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After the forest by Kell Woods

A review by Nalini Haynes

Hans and Greta survived the forest and the old witch who tried to fatten up Hans. After the forest, they became adults, living with and living down their past. Greta uses the witch’s grimoire to bake the best gingerbread that can tempt a body. Meanwhile, Hans drinks and gambles away all the resources they don’t have.

Greta ventures back into the forest to scavenge some wild honey for her baking. A bear scares her but, while she waits for death, he licks her hand. She runs home, breathless, only to be accused of witchcraft and murder. Again.

Then she learns that Hans has, effectively, gambled away their home. The creepy burgermeister offers Greta a job as a servant. A job that, he makes clear, comes with extra-curricular requirements. Me Too eat your heart out. Or eat your gingerbread. Whatevs.

Note: this is NOT a rapey book. Greta fends off unwanted advances.

All the fairy tales

Woods’s novel weaves together many European fairy tales, creating a tapestry of the familiar but from a different perspective. Rose Red, Snow White, Sleeping Beauty… so many tales are woven into these pages. But ware, this is no tale for Smumans (Small Humans). It involves sex and violence and gore. Not very different from the original collections of Hans Christian Anderson and the Brothers Grimm I guess…

When I was 6, I recall reading Cinderella, Snow White, the Princess and the Pea… all those stories did was to depress me. Those stories required princes to rescue damsels in distress; I believed I’d never find my prince. The Princess and the Pea is about a princess who was bloody rude to her hosts! She was so fragile – a desired trait apparently – that she couldn’t sleep with a pea under several soft mattresses. My father made me sleep in a sleeping bag, no pillow, on a wooden surface, so I knew I was no such princess. And I didn’t know if I should be proud that I had better manners or ashamed of being tougher.

But Hansel and Gretel was a tale to which I could relate. The loathsome parents sent their children out in the forest to die. And when their attempts to “shed” themselves of their children failed the first couple of times because the kids were too clever, the parents tried again. The third time the children were truly lost in the forest. This was a tale to which I could relate. Isolation, danger, selfishness and malice from adults, this was my story, I felt seen.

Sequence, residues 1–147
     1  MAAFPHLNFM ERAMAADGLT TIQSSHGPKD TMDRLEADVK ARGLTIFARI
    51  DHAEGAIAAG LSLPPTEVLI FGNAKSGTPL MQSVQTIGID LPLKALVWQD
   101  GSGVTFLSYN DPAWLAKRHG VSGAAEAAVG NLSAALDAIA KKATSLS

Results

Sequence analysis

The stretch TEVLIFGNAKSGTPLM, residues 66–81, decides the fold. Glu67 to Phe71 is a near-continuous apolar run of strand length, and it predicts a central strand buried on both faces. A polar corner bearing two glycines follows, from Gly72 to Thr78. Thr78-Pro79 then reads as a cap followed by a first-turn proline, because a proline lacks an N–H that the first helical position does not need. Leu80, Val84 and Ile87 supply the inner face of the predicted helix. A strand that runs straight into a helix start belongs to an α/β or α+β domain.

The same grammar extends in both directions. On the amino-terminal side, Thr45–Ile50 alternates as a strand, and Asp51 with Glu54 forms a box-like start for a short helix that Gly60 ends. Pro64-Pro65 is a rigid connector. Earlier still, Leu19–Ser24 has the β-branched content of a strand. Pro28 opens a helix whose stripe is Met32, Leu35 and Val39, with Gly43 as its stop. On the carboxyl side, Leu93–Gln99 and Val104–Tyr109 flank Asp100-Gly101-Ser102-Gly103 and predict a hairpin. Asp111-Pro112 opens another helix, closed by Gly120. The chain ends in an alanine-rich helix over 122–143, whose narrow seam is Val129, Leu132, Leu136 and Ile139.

And Gretel beat the witch. She won. A rare fairy tale figure, a girl with agency who won.

So it’s hardly surprising, then, that After the Forest called to me. It resonates with me. Especially as Greta, as a woman of 22, still struggles. She struggles with the problems life throws at her. “Life” including her selfish brother and the bigots in her village who treat her like an outcast. And she struggles with her burgeoning power, which leads to choices down the road. Which way will she go?

The verdict

After the Forest is a beautifully rendered riveting fairy tale for adults, especially those who love Kate Forsyth’s retellings. Kick-ass. Critics may say it’s predictable but, if this book didn’t have that ending, I would have been bitterly disappointed. Right down to the Blood Tithe. If it wasn’t what it was, then I would have howled with outrage.

Perhaps it’s a matter of taste. I have been rewriting Ahsoka, creating a much darker version that aligns better with After the Forest. Is that just me? Or am I alone in ranting at “because plot” “twists” and unrealistic narrow escapes and the villain pontificating about how Ahsoka is unpredictable so he’ll give her freedom to act as she wishes then be one step ahead of her? I prefer stories with a bit more bite.

After the Forest author, Kell Woods, will be a guest on DMZ’s podcast on 9 October 2023 so watch this space. Kell says she loves Juliet Marillier (podcast interview of Juliet) and Kate Forsyth’s (podcast interview of Kate) stories.

Book details

Rating: 5 out of 5 stars
Australian version: HarperCollins
American version: Pan Macmillan
UK version: Titan Books
After the Forest: the UK version is, I think, the prettiest. I need a hardcover copy! After the Forest US and Australian cover


Nalini is an award-winning writer and artist as well as managing editor of Dark Matter Zine.


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